It features 11 MHI Vestas V164-8.0MW turbines, nine of which are uprated to 8.4MW, while the remaining two deliver 8.8MW of power each through the use of internal power modes.
The final turbine was installed at the end of May, nine weeks after the first unit was put in place.
MHI Vestas’ 11 turbines are installed on 1,800-tonne suction-bucket foundations that create a vacuum to secure them to the seabed, removing the need for driving monopiles — the first commercial-scale deployment of this technology.
The EOWDC is connected to the shore via a 66kV cabling system, which has double the capacity of the current industry standard of 33kV.
President and chief executive officer at Vattenfall, Magnus Hall, said: "The innovation we have implemented at the EOWDC — and will continue to demonstrate — will turbocharge the growth of a global, low-cost offshore wind industry. And in doing so, do much to secure a fossil fuel free future for us all."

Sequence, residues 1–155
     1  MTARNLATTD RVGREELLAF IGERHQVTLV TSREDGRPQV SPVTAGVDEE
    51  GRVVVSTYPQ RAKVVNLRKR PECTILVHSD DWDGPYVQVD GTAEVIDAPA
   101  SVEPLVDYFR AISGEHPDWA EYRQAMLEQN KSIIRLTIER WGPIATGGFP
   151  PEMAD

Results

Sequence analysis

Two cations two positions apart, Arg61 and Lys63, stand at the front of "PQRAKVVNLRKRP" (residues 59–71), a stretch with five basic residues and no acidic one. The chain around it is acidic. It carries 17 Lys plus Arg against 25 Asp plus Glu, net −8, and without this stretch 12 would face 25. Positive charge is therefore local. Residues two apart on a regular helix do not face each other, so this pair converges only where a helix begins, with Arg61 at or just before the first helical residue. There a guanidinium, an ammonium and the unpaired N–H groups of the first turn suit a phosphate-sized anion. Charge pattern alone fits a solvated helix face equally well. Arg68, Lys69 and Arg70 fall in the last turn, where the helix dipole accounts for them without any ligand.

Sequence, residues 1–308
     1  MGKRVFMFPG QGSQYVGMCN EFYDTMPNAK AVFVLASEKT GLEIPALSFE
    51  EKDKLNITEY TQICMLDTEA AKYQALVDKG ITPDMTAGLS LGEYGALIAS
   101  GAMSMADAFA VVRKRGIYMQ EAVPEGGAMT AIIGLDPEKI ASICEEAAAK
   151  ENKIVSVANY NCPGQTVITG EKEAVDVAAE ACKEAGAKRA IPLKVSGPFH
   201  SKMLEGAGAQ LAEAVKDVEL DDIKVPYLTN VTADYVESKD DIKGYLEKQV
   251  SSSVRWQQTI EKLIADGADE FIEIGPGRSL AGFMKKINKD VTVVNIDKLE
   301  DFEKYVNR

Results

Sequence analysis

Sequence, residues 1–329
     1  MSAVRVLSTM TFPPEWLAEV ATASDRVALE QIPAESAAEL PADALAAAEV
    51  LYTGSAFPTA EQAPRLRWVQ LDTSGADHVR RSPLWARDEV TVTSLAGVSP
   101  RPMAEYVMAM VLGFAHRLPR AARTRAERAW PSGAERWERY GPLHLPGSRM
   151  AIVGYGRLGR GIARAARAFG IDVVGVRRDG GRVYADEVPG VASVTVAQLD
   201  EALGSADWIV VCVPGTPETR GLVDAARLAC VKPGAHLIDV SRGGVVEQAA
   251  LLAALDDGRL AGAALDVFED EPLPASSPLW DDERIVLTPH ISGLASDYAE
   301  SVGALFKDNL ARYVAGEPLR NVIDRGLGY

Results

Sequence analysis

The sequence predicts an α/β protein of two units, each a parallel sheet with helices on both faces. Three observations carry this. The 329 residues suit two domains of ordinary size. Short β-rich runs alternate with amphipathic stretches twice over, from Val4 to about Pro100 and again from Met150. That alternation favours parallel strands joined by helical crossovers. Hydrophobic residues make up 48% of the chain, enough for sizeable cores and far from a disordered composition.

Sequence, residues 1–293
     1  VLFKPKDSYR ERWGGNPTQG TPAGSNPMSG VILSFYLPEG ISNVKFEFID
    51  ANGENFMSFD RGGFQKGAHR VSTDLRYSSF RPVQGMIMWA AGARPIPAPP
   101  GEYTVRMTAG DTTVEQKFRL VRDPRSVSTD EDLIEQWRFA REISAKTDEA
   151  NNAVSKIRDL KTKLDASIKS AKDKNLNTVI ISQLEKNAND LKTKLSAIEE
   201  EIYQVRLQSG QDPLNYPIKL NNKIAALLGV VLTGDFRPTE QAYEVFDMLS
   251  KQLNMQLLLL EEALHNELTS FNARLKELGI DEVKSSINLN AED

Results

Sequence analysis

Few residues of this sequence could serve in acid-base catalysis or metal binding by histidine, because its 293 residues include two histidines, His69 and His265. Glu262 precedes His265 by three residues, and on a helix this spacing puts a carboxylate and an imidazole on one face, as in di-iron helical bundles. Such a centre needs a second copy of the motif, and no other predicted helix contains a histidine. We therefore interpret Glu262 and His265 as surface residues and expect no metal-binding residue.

The EOWDC will be officially opened at an event with more than 100 business leaders and dignitaries, including Scotland’s First Minister, Nicola Sturgeon, gathered on a ferry for the opening ceremony.
Hugh McNeal, chief executive of UK clean energy lobbying group, RenewableUK, said: "These turbines, foundations and cables are state-of-the-art pieces of big kit which help developers to build projects faster and produce more power, more cheaply."
Vattenfall’s project, intended as a demonstration of next-generation technology in the offshore wind industry, has been repeatedly delayed — mostly due to US President Donald Trump’s failed legal challenges to block its construction.
It will be visible from one of Trump’s 17 golf courses.